Skip to content Skip to main navigation


Avani Terraces - Greenway
Life is looking up

Statehood for ACT

By Frug - 14 February 2010 43

Is there a good reason we haven’t become a State of Australia?

If we did we’d get equal representation in the HoR and Senate and also prevent the Federal Government from flipping our laws as they see fit.

The NT have already taken (apart from the failed referendum) big steps down this path. Why can’t we?

I’ve set up a facebook group (“Statehood for Canberra”) with the idea that with enough discussion, pushing, nagging we might see it happen by 2020.

What’s Your opinion?

Post a comment
Please login to post your comments, or connect with
43 Responses to
Statehood for ACT
old canberran 11:10 am 15 Feb 10

I doubt whether statehood for the ACT could ever happen while the Crown owns all the land and controls the National aspects of the Territory such as the Parliamentary triangle etc.

Power Protect 10:37 am 15 Feb 10

deye said :

meh, abolish all states and make it two levels, fed and super councils 😀


The last thing we need is someone pushing for another level of governance.

Can someone please tell me what really needs to be managed on a state by state level.

Hospitals – every state has hospitals…manage it nationally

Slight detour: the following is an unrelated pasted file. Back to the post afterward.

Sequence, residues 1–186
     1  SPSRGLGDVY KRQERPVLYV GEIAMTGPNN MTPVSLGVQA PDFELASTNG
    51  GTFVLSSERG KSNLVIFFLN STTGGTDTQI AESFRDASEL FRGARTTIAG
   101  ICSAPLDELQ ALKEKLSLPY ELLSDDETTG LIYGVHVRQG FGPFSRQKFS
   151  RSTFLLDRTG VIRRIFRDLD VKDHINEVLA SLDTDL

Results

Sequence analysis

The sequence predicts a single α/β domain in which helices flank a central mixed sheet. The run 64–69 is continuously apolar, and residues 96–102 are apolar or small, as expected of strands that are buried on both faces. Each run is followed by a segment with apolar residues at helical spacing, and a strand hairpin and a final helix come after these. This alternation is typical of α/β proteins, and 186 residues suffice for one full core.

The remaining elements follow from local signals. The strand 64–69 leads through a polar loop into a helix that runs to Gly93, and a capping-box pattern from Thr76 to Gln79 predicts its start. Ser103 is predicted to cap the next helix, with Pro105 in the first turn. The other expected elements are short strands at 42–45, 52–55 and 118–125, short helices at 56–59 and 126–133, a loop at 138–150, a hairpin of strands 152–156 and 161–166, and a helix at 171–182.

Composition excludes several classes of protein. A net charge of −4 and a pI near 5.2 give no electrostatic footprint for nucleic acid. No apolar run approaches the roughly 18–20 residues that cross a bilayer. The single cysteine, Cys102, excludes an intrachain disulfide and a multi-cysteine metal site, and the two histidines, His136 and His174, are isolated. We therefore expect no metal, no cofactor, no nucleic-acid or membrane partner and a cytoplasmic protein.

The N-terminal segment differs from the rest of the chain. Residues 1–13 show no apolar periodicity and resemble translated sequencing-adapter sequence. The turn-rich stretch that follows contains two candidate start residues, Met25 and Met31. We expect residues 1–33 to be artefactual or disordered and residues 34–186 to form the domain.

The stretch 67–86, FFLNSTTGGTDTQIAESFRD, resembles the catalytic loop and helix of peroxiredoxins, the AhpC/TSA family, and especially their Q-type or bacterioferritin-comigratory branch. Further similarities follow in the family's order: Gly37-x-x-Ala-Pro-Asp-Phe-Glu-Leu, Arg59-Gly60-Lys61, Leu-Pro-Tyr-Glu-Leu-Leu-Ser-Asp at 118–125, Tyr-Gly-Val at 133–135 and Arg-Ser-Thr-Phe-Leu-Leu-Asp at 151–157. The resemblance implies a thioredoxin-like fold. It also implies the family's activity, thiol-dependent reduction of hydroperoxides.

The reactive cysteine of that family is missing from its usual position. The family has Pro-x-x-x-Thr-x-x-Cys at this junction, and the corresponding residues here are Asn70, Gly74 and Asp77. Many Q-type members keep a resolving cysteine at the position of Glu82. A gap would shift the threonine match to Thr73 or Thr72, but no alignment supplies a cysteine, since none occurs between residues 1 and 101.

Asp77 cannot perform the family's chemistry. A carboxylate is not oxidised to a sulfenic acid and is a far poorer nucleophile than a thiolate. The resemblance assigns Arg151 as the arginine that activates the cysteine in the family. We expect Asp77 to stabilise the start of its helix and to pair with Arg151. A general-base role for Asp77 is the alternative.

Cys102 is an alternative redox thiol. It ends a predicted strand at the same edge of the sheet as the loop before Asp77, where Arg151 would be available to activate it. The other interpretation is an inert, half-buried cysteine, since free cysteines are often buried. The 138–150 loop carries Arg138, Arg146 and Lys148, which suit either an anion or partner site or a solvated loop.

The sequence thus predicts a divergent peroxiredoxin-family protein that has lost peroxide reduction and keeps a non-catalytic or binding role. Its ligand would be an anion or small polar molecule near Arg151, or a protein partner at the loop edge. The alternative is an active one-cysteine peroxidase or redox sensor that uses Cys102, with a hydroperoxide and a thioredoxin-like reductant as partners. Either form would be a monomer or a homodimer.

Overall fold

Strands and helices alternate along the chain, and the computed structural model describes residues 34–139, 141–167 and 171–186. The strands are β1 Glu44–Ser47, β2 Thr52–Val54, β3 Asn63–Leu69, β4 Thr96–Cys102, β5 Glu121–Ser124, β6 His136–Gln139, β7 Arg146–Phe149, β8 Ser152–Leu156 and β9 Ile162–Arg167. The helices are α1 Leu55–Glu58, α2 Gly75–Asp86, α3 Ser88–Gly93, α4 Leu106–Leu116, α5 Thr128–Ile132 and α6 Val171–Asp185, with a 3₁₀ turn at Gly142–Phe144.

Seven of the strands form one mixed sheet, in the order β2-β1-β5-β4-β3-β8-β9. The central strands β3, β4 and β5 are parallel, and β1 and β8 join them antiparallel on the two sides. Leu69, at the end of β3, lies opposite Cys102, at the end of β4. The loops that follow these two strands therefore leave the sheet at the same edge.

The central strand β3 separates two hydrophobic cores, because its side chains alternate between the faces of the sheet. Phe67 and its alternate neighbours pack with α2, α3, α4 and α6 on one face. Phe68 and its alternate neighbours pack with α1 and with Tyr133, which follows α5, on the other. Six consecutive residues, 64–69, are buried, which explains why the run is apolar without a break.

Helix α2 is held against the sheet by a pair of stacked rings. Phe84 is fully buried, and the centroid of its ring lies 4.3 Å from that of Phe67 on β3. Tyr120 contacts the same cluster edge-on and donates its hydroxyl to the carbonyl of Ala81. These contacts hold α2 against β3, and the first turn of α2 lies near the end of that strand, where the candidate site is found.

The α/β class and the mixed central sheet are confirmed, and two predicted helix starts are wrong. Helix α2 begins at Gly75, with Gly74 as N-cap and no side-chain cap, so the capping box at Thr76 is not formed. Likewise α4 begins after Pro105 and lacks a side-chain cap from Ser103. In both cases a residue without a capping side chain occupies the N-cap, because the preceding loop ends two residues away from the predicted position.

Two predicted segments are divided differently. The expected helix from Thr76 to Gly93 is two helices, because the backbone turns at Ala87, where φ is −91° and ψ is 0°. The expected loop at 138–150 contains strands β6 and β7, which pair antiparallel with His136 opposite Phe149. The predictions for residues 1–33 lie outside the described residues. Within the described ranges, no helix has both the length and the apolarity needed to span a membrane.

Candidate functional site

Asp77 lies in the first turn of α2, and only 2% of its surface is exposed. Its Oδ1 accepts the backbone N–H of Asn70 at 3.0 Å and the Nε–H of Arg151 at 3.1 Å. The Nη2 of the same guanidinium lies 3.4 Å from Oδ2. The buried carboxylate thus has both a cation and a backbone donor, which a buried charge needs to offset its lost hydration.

Schools – every state has schools…manage it nationally
Transport – better dealt with on a local level, with collaboration between regions

The only downside I see to removing Australia’s middle level of government is a steep jump in unemployment, but with sufficient planning and a little compensation this can be dealt with and ultimately the nation will save a fortune.

Feathergirl 10:32 am 15 Feb 10

The ACS doesn’t sound as snappy as the ACT. Or would our new state have a new name? Suggestion – New Reptoidland???

Holden Caulfield 10:15 am 15 Feb 10

+1 to deye

T1G3R 10:04 am 15 Feb 10

yah I’m not real keen on statehood especially after seeing how all the other states are going!

sloppery 10:01 am 15 Feb 10

deye said :

meh, abolish all states and make it two levels, fed and super councils 😀

Yep, and use the besquillion dollars that would be saved to improve core service delivery.

deye 9:40 am 15 Feb 10

meh, abolish all states and make it two levels, fed and super councils 😀

Frug 9:16 am 15 Feb 10

Section 121 of the Constitution allows for the creation of new states but Parliament can decide what representation the new state gets. It would be difficult for a polly to argue that there is something about the folk of ACT that they deserved any less representation than other states as population is supposed to be an issue in the upper house.

WHy bother? Well, right now ACT people are under-represented in Parliament. Many, probably couldn’t give a damn because they have little/no faith in what happens in APH anyway. I reckon, however, that the concept of ‘territory’ as applies to NT and ACT is an anachronism that we could fix without much trouble. We deserve the same voting, legislative, democratic voice as the Tasmanians, South Australians, Victorians etc.